Vision loss can indicate that something is not working properly in the brain and/or nerves connecting to the eyes. If your pet has experienced sudden vision loss or gradual vision loss that your regular vet cannot explain, bring your furry family member to The Animal Neurology & Imaging Center (The ANIC) for advanced diagnostics and treatment.
How to Identify Vision Loss in Pets
Because pets cannot tell you when their visual acuity is diminishing, you must rely on other signs of vision loss. Pets who are losing their ability to see may:
- Bump into objects
- Exhibit difficulty tracking and/or locating an object (like their favorite toy)
- Use their nose more than their eyes to detect or locate things or navigate spaces
Pets with vision loss may also be more “clingy,” sticking to familiar spaces and people.
Possible Causes of Vision Loss
Vision loss in pets can be the result of either dysfunction or degeneration in the eyes or the neurological system.
Primary eye causes of vision loss include:
- Retinal degeneration
These issues may require intervention from your regular veterinarian or other veterinary specialists.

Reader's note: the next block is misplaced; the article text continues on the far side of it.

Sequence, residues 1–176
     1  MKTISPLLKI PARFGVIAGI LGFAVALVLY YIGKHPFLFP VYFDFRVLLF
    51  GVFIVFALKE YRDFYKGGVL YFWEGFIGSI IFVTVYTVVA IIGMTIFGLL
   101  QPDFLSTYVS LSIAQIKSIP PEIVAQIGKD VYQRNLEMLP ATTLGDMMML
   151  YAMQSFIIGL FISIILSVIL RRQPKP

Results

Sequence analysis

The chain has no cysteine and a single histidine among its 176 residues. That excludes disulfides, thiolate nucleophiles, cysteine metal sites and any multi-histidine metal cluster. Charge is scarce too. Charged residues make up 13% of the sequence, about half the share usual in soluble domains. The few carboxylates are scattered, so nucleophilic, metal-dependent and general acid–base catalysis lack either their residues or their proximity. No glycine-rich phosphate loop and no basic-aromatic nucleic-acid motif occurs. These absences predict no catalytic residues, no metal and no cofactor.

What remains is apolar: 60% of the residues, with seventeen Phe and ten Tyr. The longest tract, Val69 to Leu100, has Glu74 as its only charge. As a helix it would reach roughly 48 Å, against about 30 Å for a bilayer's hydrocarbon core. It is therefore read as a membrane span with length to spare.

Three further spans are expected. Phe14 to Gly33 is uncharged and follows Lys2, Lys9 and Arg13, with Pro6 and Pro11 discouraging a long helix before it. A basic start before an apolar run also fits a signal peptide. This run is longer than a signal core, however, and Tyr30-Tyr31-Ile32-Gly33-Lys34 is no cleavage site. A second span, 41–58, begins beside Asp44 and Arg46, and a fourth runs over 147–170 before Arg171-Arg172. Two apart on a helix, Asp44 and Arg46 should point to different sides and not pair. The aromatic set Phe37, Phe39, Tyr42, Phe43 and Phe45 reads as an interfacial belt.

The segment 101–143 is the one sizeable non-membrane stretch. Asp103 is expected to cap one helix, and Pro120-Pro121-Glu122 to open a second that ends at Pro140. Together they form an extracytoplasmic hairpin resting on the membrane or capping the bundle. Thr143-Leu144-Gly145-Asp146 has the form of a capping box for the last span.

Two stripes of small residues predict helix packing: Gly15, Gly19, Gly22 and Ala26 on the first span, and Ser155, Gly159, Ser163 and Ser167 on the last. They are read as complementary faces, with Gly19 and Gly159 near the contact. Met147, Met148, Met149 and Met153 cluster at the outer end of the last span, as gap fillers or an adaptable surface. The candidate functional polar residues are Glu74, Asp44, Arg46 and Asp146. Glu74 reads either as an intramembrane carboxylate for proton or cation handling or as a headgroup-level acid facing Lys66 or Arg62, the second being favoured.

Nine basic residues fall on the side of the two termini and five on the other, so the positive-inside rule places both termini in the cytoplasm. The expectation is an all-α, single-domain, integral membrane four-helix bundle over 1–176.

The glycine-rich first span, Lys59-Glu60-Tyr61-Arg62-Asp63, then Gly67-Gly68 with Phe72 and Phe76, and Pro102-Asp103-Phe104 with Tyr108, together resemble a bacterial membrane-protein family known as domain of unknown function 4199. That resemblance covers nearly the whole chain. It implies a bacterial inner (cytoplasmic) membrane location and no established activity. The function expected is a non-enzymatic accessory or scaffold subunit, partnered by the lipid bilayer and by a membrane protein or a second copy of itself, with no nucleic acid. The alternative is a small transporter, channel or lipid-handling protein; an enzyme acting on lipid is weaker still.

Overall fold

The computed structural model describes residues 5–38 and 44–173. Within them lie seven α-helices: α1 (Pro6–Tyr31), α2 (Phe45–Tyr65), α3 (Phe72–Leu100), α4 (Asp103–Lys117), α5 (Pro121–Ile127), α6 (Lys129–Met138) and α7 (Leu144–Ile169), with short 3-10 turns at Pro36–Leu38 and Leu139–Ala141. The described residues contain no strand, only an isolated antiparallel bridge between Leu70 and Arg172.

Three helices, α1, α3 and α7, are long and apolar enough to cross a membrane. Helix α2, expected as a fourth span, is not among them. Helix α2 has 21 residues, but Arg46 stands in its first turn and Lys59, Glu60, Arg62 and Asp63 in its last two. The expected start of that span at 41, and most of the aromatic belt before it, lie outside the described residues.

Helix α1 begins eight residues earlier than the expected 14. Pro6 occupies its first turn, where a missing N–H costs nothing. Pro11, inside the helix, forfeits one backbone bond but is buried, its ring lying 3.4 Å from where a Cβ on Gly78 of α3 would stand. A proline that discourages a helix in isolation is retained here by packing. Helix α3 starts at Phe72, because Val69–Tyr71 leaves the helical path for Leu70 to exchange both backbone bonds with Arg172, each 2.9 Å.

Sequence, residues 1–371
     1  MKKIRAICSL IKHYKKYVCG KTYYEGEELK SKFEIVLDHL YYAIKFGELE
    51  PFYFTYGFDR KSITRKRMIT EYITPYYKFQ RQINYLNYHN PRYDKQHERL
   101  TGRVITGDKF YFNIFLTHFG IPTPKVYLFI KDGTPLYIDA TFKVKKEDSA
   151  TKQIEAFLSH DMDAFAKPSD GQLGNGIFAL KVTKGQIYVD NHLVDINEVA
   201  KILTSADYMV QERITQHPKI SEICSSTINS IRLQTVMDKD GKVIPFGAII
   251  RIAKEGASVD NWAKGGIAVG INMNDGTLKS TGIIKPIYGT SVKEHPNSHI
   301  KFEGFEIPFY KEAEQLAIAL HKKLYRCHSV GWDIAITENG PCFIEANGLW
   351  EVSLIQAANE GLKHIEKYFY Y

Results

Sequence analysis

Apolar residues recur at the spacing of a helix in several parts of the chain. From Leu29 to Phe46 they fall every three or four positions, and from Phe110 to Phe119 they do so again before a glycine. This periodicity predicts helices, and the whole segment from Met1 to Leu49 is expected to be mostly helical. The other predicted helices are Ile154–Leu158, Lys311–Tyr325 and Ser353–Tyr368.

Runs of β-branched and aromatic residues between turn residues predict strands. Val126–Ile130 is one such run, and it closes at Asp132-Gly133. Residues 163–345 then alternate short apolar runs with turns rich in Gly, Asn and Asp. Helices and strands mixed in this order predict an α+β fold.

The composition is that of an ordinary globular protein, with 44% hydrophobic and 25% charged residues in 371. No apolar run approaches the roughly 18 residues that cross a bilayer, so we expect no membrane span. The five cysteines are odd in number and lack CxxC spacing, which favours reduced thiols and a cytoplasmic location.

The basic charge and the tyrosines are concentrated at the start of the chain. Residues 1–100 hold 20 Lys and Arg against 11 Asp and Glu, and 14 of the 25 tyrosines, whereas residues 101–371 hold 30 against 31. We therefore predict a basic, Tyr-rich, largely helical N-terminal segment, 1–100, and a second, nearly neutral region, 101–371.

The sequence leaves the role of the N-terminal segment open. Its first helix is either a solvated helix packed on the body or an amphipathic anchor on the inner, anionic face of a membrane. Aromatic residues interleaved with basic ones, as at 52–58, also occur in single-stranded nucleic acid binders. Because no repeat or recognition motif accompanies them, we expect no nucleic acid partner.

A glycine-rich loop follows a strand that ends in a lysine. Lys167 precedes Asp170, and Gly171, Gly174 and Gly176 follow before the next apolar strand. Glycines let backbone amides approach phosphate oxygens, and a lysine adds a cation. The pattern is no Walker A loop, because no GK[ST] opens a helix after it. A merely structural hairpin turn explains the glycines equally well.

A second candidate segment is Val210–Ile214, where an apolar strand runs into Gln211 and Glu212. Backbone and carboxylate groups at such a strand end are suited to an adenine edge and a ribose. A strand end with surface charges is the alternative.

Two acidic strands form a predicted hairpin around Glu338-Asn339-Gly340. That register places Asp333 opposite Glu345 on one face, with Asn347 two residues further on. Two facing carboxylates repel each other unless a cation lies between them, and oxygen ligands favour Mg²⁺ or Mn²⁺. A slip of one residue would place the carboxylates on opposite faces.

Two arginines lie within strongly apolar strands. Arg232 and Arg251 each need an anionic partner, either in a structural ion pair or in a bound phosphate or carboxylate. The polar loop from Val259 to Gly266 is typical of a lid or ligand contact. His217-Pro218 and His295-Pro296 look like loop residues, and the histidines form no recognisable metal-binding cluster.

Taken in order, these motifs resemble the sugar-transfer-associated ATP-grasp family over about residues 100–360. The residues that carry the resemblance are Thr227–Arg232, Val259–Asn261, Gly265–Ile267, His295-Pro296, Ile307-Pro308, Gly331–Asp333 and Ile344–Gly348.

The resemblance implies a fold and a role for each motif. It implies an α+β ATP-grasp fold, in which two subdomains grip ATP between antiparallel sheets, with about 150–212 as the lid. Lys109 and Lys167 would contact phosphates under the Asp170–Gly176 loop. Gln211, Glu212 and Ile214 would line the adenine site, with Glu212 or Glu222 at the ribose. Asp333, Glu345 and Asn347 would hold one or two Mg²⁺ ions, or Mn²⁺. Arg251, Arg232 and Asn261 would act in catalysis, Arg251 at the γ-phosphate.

neurological causes of vision loss include:
- Autoimmune disorders
- Congenital abnormalities
The ANIC has the advanced training and imaging capabilities to accurately diagnose and, in many cases, effectively treat or manage neurological -related vision loss.
Treatment for Neurological-Related Vision Loss
For many pets who have experienced vision loss because of a neurological disorder, vision loss can return—sometimes on its own, sometimes after treatment. Treatment for vision loss is most commonly prescription medication or surgery. Our board-certified neurologists will help you understand treatment options and prognosis for your pet after we identify the cause of vision loss.
Contact us to schedule a neurological exam at our clinic nearest you.